International Journal of Public Health

, Volume 64, Issue 5, pp 743–754 | Cite as

Effects of unintended pregnancy on maternal healthcare services utilization in low- and lower-middle-income countries: systematic review and meta-analysis

  • Md Nuruzzaman KhanEmail author
  • Melissa L. Harris
  • Desalegn Markos Shifti
  • Alexander Suuk Laar
  • Deborah Loxton



To examine the association between unintended pregnancy and maternal healthcare services utilization in low- and lower-middle-income countries.


A systematic literature search of Medline, Cinahl, Embase, PsycINFO, Cochrane Library, Popline, Maternity and Infant Care, and Scopus databases published since the beginning of the Millennium Development Goals (i.e. January 2000) to June 2018 was performed. We estimated the pooled odds ratios using random effect models and performed subgroup analysis by participants and study characteristics.


A total of 38 studies were included in the meta-analysis. Our study found the occurrence of unintended pregnancy was associated with a 25–39% reduction in the use of antenatal, delivery, and postnatal healthcare services. Stratified analysis found the differences of healthcare services utilization across types of pregnancy unintendedness (e.g. mistimed, unwanted).


Integrating family planning and maternal healthcare services should be considered to encourage women with unintended pregnancies to access maternal healthcare services.


Unintended pregnancy Maternal healthcare services use Low- and lower-middle-income countries Systematic review and meta-analysis 



We acknowledge the support of the Priority Research Centre for Generational Health and Aging, a member of the Hunter Medical Research Institute, Australia, where this research was conducted.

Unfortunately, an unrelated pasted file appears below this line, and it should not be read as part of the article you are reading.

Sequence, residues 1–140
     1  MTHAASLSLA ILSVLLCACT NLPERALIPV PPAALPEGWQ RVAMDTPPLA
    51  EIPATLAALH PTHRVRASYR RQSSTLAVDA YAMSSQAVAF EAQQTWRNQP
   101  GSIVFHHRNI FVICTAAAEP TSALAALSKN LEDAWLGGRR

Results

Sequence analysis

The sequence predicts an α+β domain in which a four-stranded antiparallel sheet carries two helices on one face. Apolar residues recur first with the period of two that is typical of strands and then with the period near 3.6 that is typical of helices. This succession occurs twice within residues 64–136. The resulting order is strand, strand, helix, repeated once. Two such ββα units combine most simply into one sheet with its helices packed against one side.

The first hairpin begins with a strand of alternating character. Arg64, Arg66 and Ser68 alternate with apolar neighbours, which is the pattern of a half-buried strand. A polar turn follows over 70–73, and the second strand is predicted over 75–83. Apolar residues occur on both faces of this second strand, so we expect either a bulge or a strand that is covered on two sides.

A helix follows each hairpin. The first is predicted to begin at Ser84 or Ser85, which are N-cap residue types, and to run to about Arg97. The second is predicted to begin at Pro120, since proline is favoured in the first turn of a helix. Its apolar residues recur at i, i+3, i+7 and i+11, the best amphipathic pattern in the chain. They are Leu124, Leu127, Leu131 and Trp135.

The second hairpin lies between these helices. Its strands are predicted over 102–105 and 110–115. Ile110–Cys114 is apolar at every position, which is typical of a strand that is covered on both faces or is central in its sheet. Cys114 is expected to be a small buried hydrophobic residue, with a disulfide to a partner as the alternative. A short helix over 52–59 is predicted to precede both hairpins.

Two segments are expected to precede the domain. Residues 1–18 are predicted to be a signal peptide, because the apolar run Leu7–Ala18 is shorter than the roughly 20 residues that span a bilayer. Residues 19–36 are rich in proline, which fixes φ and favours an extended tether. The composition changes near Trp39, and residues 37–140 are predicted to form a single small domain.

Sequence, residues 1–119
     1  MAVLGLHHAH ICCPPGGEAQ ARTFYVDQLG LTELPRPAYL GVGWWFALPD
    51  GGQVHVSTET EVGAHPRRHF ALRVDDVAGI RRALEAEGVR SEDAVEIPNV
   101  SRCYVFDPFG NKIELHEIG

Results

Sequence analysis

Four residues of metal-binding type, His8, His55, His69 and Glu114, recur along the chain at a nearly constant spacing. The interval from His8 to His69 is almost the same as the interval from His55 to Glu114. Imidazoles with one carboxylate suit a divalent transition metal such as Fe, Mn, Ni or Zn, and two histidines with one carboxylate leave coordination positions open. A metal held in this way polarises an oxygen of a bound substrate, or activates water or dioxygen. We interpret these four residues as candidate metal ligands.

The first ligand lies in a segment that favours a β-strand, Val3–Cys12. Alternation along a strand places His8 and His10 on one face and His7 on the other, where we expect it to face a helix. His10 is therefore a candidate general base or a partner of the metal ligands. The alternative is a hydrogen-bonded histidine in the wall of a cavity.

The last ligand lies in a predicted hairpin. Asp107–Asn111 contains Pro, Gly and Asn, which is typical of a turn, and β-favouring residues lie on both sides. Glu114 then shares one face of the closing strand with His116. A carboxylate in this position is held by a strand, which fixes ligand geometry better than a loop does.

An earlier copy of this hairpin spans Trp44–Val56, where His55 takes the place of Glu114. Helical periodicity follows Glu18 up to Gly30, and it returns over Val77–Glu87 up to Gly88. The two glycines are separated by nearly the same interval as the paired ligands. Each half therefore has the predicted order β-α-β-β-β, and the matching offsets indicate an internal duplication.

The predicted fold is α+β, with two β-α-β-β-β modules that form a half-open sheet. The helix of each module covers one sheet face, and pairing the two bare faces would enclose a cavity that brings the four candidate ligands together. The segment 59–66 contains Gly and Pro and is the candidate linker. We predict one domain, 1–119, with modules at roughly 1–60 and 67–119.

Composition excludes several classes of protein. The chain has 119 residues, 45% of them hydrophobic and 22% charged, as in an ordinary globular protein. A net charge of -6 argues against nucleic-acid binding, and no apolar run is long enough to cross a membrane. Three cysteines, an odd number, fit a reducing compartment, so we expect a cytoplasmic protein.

Authors’ Contribution

MNK., MLH., and DL developed the study concept. MNK, DMS, and AL reviewed the articles independently, extracted data, and assessed study quality. MNK conducted the formal analysis and drafted the manuscript. MLH and DL critically reviewed the manuscript. All authors approved the final version of this manuscript.


The first author is supported by a PhD research scholarship from the University of Newcastle, Australia. Dr Melissa L. Harris is supported by an Australian Research Council Discovery Early Career Research Award.

Compliance with ethical standards

Conflict of interest

The authors declare that they have no conflict of interest.

Availability of data and material

Associated data of this study are available upon submitting a reasonable request to the corresponding author.

Supplementary material

38_2019_1238_MOESM1_ESM.docx (176 kb)
Supplementary material 1 (DOCX 153 kb)


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Copyright information

© Swiss School of Public Health (SSPH+) 2019

Authors and Affiliations

  1. 1.Priority Research Centre for Generational Health and Ageing, School of Medicine and Public Health, Faculty of Health and MedicineHunter Medical Research Institute, University of NewcastleNew Lambton HeightsAustralia
  2. 2.Department of Population SciencesJatiya Kabi Kazi Nazrul Islam UniversityMymensinghBangladesh

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